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Can I get the reaction torque on a shaft that isnt on the x or y axis?

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Message 1 of 3
cfischer_engr
103 Views, 2 Replies

Can I get the reaction torque on a shaft that isnt on the x or y axis?

This is a delta robot with a 20lb force applied to the effector. Each crank is fixed on its revolute shaft location. I want to understand the torque requried to hold the structure static. 

The reaction forces page when highlighting the revolute joint of the crank arm shows torques in 3 axis. The arm on the right happens to be aligned with the x axis so I can see the torque on this arm to hold the structure still is 534Nmm. The other crank arms are not aligned with x y or z. How can I see the torque requried to hold the delta still?

 

Image shows reaction on arm aligned with x axis. 

 

cfischer_engr_0-1703123210364.png

 

This image shows reactions for the arm on the left. What am I to do with these numbers?

 

cfischer_engr_1-1703123210376.png

 

Thanks for any help!

2 REPLIES 2
Message 2 of 3
henderh
in reply to: cfischer_engr

Hi @cfischer_engr,

Reactions can only display values with respect to the global coordinate system, there isn't a way to show them via a local coordinate system.

 

A workaround is to run the simulation with the model rotated, so that the arm is aligned with a global x, y, z axis. You can do this in Simulation, without affecting the model in the Design workspace.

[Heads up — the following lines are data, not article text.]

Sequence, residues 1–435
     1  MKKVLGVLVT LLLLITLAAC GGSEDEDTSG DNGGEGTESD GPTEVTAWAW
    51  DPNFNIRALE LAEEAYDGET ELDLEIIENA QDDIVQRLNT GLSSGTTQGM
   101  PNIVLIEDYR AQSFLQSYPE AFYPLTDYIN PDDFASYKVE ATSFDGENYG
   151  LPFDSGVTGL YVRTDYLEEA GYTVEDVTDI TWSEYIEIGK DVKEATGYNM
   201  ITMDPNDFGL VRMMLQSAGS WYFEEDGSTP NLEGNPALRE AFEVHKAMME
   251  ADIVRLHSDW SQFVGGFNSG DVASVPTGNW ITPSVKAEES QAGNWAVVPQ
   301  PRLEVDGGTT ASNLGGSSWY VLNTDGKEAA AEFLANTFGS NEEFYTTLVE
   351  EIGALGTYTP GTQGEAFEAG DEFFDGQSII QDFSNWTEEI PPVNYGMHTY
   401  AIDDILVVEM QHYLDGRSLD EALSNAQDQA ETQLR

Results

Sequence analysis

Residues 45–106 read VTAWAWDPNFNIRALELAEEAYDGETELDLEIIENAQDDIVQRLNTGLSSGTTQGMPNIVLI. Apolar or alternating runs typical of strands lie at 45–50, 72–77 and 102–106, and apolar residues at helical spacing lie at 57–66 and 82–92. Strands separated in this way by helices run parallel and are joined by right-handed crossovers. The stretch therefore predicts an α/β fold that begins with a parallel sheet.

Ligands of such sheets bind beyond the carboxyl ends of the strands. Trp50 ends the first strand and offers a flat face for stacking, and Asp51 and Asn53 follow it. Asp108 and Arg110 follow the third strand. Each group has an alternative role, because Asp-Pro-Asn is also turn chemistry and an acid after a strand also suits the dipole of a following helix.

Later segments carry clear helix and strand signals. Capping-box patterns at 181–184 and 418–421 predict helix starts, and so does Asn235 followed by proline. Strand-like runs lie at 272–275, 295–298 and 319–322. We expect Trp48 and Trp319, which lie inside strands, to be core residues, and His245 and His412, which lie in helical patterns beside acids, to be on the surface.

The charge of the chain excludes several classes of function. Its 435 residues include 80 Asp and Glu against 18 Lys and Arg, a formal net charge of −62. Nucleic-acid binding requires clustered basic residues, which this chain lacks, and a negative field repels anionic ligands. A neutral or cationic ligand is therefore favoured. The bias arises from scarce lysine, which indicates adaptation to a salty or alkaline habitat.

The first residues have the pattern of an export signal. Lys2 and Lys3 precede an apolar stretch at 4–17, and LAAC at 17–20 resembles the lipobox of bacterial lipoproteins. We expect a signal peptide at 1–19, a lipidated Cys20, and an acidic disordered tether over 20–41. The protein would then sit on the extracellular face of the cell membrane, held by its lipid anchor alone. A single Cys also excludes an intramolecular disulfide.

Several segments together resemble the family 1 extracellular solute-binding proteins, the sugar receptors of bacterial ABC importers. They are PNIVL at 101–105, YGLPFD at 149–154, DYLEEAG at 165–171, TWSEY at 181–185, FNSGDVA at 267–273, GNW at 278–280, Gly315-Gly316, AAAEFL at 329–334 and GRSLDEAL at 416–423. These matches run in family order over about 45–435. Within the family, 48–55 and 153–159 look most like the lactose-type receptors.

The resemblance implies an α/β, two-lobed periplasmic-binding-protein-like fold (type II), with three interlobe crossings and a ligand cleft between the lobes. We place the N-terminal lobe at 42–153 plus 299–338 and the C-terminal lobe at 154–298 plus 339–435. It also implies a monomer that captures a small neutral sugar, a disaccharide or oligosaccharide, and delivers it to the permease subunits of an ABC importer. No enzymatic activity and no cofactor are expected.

1. Go to the Simplify workspace
  2. In the browser, right-click on the Simulation Model > Clone Simulation Model (with the study)
  3. In the cloned sim model, use the Modify > Move / Copy command to rotate the entire assembly so that an arm is aligned with a global axis
  4. Run the simulation for the rotated Sim model (make sure the force is still aligned properly)

Hope this helps!



Hugh Henderson
QA Engineer (Fusion Simulation)
Message 3 of 3

Thank you for the response. 

 

This is very unfortunate as rotating and resolving for each arm is a lot of work. Especially when I want to analyze many locations to understand the entire work envelope. 

 

I hope fusion considers a more articulate method for displaying the reactions in the future. 

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